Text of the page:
If a chemical burns the skin, follow these steps:
- Remove the cause of the burn by flushing the chemicals off the skin surface with cool, running water for 20 minutes or more. If the burning chemical is a powder-like substance, such as lime, brush it off the skin before flushing.
- Remove clothing or jewelry that has been contaminated by the chemical.
- Apply a cool, wet cloth or towel to relieve pain.
- Wrap the burned area loosely with a dry, sterile dressing or a clean cloth.
- Rewash the burned area for several more minutes if the person experiences increased burning after the initial washing.
Minor chemical burns usually heal without further treatment.
Seek emergency medical assistance if:
- The victim has signs of shock, such as fainting, pale complexion or breathing in a notably shallow manner.
- The chemical burn penetrated through the first layer of skin, and the resulting second-degree burn covers an area more than 3 inches (7.5 centimeters) in diameter.
- The chemical burn occurred on the eye, hands, feet, face, groin or buttocks, or over a major joint.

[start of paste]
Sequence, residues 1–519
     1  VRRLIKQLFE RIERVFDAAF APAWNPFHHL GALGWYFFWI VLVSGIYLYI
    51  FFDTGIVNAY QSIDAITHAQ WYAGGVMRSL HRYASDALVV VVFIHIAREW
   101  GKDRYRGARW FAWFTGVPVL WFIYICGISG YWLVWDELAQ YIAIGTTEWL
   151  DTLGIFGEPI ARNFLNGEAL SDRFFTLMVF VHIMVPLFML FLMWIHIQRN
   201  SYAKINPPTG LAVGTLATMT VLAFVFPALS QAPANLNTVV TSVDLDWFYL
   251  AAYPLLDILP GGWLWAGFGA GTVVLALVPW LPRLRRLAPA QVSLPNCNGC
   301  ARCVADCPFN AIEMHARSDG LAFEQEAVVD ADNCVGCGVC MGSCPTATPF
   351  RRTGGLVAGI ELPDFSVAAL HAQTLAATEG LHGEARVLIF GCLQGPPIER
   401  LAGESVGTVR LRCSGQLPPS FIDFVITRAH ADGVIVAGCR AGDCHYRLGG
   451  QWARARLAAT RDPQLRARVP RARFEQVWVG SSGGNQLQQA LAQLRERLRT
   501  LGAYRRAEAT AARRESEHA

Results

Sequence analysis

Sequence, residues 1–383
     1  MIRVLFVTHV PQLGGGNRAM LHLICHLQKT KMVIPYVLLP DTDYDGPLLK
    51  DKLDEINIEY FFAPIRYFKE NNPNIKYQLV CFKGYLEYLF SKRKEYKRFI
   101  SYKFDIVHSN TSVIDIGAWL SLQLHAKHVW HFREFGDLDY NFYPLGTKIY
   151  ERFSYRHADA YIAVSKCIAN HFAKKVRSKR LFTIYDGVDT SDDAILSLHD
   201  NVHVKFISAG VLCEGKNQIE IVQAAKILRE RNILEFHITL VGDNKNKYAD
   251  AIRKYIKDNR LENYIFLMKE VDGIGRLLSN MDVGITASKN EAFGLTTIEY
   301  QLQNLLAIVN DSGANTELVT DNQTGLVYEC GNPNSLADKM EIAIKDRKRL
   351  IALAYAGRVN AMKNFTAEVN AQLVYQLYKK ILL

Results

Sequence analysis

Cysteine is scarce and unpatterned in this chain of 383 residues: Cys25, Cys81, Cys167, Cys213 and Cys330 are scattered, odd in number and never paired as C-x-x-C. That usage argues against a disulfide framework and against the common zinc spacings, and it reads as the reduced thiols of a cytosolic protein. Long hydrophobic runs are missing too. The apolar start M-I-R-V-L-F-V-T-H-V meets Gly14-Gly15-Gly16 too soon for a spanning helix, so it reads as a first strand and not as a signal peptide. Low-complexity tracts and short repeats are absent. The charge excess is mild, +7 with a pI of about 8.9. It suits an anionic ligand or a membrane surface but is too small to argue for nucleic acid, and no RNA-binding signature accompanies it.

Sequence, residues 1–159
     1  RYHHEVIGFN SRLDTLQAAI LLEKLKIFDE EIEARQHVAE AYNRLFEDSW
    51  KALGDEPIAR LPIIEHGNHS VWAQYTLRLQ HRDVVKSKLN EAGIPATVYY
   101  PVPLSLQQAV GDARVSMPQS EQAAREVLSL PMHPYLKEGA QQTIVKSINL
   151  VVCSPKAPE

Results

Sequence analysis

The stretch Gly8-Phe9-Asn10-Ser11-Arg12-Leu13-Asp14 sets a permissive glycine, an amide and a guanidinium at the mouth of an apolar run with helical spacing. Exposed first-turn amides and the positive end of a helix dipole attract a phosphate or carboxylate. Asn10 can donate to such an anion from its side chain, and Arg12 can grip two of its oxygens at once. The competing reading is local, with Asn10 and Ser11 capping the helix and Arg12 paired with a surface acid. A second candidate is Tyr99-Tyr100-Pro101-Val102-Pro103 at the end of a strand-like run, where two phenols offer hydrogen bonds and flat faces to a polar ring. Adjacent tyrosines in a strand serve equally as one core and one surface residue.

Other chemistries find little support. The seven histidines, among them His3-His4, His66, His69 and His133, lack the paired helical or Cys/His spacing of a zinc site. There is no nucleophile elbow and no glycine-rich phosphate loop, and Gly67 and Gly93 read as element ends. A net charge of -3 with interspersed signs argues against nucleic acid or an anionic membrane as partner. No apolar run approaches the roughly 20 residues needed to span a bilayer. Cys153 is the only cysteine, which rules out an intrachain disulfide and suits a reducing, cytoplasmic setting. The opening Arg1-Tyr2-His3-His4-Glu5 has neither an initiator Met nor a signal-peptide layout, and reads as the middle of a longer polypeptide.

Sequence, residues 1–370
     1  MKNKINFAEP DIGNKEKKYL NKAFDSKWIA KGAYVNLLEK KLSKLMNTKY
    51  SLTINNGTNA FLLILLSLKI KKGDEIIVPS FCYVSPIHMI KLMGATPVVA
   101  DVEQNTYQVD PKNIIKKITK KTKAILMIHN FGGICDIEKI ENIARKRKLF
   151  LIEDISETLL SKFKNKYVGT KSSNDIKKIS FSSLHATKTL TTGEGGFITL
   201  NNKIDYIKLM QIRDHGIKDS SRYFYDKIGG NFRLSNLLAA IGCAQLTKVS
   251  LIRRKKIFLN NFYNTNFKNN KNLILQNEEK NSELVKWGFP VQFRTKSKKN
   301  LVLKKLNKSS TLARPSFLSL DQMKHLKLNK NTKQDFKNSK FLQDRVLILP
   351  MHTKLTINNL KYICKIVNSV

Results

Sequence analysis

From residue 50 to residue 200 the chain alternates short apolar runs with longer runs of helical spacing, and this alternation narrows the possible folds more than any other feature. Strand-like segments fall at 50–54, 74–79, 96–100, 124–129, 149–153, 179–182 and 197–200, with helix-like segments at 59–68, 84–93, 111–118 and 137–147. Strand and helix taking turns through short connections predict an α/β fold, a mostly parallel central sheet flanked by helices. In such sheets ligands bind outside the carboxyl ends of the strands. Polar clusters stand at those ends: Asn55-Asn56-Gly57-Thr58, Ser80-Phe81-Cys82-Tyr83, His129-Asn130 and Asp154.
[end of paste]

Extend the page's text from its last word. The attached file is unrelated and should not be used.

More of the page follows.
- The victim has pain that cannot be controlled with over-the-counter pain relievers such as acetaminophen (Tylenol, others) or ibuprofen (Advil, Motrin, others).
If you're unsure whether a substance is toxic, call the poison control center at 800-222-1222. If you seek emergency assistance, bring the chemical container or a complete description of the substance with you for identification.
|Campus Safety and Security Department Office Non-Emergency Numbers
- Dial Ext. 4444, from a campus telephone
- Dial (856) 464-5207 from an off-campus telephone
- Dial (609) 868-3963 from an off campus telephone to get the mobile patrol officer